I Got Caught

Welcome to my random musings about the world, on a weekly-to-occasional basis.

Where we are: Bonaire.

I got caught

I need a pair of slippers. Our apartment here on Bonaire is only air-conditioned in the bedroom, so we keep the rest of the windows and doors open (yes, we’re basically living outside at this point—not an accident), and as a result, the floor is chronically dusty. I’m kind of bothered by the idea of putting dirty feet into the bed.

Unfortunately, there are no slippers on this island. None. I’ve been to every store. No one even knows what slippers are—they just point me toward the flip-flops. So that’s what I’m wearing around the apartment: a pair of rubber flip-flops that I bought for two dollars. The heel has already squished down to almost nothing. I’m so desperate I convinced Lee to try out a shipping service from the US: I ordered a pair from Amazon, had them mailed to an address in Miami, and hopefully they’ll make it here in the next few days. Either that or some scammer in Miami now has a nice new pair of fuzzy pink slippers.

This is a weirdly common and mildly annoying problem in our nomadding. I always want slippers, and I often have trouble finding them. Whenever we arrive in a new place, I go out and buy a new pair, then when we leave, I ditch them. No, I don’t drag them from place to place, because they take up too much room, they’re usually dirty, and I always hope they’ll be easier to find in the next spot. I am the eternal optimist.

Lane says I could fill a room with the slippers I’ve left behind, all over the world. That’s probably true. I’m sure there are worse habits to have than leaving half-used slippers in  apartments and hotels. For instance, when we left our hotel in Düsseldorf, I actually snagged a couple of pairs, and brought them with me for the plane. It’s very useful, on a long flight, to have a pair of those little disposable spa-style slippers for shuffling back and forth to the bathroom. Much better than having to fumble around under the seat for your sneakers every sixty minutes. (Yes, I go to the bathroom every sixty minutes—hush up. It’s deep-vein thrombosis prevention.) When we land, I just drop them into the garbage.

I developed my slipper habit in Asia, where they are ubiquitous. Every hotel room comes with slippers, mainly because it’s gross to wear outdoor shoes indoors.

At our favorite hotel in Bangkok, the Adelphi 49, the slippers are particularly wonderful—a nice thick, padded sole, with a chambray-blue cotton upper. There are always two fresh pairs in the closet when we arrive, wrapped in crinkly plastic.

Last time we were there, we stayed for a month. I went through several pairs; the housekeeper very kindly replaced them when they started to look worn—have I mentioned how much I love Bangkok? The Adelphi 49 is a wonderful serviced apartment/hotel deal: you get an apartment, fully furnished, with daily maid service, and all the perks of a hotel, and it’s all quite affordable. Plus, beautiful slippers.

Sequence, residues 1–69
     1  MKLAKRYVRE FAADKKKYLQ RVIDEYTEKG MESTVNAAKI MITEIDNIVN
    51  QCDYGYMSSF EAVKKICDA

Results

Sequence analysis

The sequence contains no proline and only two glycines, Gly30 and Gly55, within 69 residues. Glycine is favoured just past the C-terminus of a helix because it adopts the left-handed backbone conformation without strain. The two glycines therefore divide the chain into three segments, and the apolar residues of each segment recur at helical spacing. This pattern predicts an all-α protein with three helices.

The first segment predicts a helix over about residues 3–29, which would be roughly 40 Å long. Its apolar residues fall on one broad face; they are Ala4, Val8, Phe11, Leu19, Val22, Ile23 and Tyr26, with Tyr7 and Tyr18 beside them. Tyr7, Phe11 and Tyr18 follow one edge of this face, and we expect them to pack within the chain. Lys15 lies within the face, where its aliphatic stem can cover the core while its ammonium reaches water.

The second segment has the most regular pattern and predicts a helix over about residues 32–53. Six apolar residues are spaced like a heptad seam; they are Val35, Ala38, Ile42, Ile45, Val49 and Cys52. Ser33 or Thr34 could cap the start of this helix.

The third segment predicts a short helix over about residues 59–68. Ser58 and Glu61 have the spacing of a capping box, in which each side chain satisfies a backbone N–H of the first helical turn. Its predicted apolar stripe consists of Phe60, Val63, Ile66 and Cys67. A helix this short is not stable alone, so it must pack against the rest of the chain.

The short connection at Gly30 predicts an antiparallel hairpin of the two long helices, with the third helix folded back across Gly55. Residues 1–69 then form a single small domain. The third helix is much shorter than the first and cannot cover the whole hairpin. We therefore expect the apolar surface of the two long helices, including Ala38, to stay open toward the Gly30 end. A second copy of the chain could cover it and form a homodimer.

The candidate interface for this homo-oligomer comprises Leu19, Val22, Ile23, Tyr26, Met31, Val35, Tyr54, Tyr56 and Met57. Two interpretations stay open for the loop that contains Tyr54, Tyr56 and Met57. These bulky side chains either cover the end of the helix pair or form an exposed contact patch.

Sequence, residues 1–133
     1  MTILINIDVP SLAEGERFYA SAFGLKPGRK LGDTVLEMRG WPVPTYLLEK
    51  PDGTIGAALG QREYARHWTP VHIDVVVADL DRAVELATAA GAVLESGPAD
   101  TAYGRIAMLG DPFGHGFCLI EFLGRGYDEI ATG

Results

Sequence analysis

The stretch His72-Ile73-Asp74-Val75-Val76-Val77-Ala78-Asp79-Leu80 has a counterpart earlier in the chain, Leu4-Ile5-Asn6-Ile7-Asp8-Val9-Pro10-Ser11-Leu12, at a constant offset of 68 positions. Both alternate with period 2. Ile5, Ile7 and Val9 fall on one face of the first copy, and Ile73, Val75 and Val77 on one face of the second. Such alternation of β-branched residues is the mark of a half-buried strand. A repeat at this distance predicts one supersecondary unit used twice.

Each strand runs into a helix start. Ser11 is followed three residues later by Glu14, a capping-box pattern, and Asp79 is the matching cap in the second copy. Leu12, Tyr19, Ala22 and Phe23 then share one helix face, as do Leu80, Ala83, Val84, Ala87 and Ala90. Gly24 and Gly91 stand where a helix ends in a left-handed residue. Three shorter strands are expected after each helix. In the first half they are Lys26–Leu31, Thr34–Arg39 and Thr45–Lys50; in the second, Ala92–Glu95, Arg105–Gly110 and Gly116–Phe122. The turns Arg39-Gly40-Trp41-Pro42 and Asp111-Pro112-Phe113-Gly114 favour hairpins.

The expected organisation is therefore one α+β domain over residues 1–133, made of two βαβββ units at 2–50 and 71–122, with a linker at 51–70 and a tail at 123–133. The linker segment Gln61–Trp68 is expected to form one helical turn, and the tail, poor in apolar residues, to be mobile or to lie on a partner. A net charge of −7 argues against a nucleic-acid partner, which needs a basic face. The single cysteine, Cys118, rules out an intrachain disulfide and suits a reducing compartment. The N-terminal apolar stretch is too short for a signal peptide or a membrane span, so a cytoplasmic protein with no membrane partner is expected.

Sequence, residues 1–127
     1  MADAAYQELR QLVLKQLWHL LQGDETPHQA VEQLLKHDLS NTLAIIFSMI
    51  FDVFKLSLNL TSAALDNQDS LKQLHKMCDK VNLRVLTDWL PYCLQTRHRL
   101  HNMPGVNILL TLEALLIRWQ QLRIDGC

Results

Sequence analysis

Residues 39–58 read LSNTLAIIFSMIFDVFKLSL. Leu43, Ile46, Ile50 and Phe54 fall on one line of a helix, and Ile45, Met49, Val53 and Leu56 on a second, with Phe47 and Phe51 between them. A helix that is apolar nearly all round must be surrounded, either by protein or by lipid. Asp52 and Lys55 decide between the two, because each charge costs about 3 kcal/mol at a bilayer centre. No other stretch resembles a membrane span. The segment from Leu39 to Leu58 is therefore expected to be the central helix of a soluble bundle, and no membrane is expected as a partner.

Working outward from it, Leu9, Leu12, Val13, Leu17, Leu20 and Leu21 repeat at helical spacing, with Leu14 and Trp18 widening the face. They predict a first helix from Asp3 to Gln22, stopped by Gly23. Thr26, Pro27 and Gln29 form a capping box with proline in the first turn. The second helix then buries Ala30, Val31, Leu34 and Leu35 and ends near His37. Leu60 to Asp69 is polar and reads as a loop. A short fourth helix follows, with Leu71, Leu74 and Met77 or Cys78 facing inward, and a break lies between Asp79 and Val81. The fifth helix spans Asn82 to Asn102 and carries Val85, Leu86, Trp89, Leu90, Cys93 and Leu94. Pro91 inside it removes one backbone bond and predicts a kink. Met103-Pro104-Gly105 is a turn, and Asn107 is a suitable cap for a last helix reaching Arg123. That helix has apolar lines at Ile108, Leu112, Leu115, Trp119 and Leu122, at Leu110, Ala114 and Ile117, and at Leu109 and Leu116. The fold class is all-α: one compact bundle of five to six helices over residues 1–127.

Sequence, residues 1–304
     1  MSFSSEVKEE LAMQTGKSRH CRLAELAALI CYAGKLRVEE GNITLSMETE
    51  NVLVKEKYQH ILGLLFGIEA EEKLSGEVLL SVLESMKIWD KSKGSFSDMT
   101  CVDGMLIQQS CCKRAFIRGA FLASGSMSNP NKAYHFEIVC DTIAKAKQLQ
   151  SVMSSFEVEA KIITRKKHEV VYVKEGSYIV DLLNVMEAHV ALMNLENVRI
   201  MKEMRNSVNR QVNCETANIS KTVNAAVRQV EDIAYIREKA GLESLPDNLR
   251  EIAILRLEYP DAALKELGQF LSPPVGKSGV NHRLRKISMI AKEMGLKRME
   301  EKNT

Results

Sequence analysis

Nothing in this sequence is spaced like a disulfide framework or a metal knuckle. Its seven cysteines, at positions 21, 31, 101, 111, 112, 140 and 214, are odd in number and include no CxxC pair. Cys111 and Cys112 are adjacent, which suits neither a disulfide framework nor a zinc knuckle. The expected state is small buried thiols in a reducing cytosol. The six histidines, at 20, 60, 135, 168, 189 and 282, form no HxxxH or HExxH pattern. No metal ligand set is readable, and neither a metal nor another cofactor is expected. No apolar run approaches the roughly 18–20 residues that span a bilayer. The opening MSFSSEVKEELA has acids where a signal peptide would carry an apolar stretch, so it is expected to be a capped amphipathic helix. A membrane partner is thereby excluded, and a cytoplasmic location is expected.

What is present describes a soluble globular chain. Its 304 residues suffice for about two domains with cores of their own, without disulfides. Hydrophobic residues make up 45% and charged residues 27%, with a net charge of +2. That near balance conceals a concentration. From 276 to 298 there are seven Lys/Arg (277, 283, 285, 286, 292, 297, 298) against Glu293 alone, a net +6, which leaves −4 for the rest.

The Adelphi 49 slippers are so good that last time, as we were leaving, Lee suggested—very practical of him, I thought—that I grab the unused pair (he prefers to wander around barefoot—so uncivilized). I tucked them into my backpack. I can’t remember where we were headed—it was probably another slipper-rich country in Asia, but you just never know when you’ll need some emergency slippers.

In all the time we’ve spent at the Adelphi over the last few years, we’ve never once encountered other Americans, until that last time we checked out. I’m always a little surprised word hasn’t gotten out, because it’s such a good bargain, but maybe Americans like a familiar brand. I can certainly understand that.

The Americans we met as we were checking out last time were a very nice young couple; I can’t remember where they were from. We were standing by the front door chatting with them, waiting for our Uber, when the front desk woman came running over. She bowed, in the Thai way, then said, “Madam, the housekeeper says a pair of slippers are missing from your room. Do you know where they are?”

I wanted the floor to open up and swallow me. I had a hot flash. Beet-red, flop-sweat, the whole nine yards. That nice American couple just stood there, watching. I took my backpack off my back, set it down, unzipped it, and pulled out the slippers.

So now we can never go back to the Adelphi 49.

From my writer’s notebook:

The other day I bought some baking soda and baking powder—we have an oven here on Bonaire, and I’m enjoying making brownies and cookies. The brand name, because pantry items here mostly come from Europe, is Dr. Oetker. I used to see their products occasionally in the US. It’s a German company that has apparently been around for a long time.

In 2013, the company published a report acknowledging that during the Second World War, they had profited from their connections with the Third Reich, and intended to voluntarily start returning items to their rightful owners.

So they have done just that. It’s apparently a long, slow process, mainly because they have to figure out which items in their large collection were illicitly acquired, then do the provenance work to figure out who the rightful heirs are and contact them. I believe they’ve returned seven paintings thus far, including a Van Dyck.

Based on the research I’ve done (and a couple of exhibits I’ve been to), this kind of voluntary restitution effort is incredibly unusual—and admirable.

Take care,

Lisa

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